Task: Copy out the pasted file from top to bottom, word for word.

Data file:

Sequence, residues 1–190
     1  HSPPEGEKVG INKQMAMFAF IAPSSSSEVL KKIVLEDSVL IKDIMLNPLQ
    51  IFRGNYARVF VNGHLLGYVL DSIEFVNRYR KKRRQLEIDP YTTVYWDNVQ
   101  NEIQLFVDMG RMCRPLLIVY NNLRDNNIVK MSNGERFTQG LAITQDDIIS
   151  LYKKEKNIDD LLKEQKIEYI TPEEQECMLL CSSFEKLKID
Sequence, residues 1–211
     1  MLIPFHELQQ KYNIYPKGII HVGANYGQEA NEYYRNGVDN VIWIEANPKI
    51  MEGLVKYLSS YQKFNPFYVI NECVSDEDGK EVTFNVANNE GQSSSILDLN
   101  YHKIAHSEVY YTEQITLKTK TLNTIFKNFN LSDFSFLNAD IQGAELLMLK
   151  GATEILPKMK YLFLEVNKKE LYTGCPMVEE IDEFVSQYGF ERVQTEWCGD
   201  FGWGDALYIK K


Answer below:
Sequence, residues 1–190
     1  HSPPEGEKVG INKQMAMFAF IAPSSSSEVL KKIVLEDSVL IKDIMLNPLQ
    51  IFRGNYARVF VNGHLLGYVL DSIEFVNRYR KKRRQLEIDP YTTVYWDNVQ
   101  NEIQLFVDMG RMCRPLLIVY NNLRDNNIVK MSNGERFTQG LAITQDDIIS
   151  LYKKEKNIDD LLKEQKIEYI TPEEQECMLL CSSFEKLKID
Sequence, residues 1–211
     1  MLIPFHELQQ KYNIYPKGII HVGANYGQEA NEYYRNGVDN VIWIEANPKI
    51  MEGLVKYLSS YQKFNPFYVI NECVSDEDGK EVTFNVANNE GQSSSILDLN
   101  YHKIAHSEVY YTEQITLKTK TLNTIFKNFN LSDFSFLNAD IQGAELLMLK
   151  GATEILPKMK YLFLEVNKKE LYTGCPMVEE IDEFVSQYGF ERVQTEWCGD
   201  FGWGDALYIK K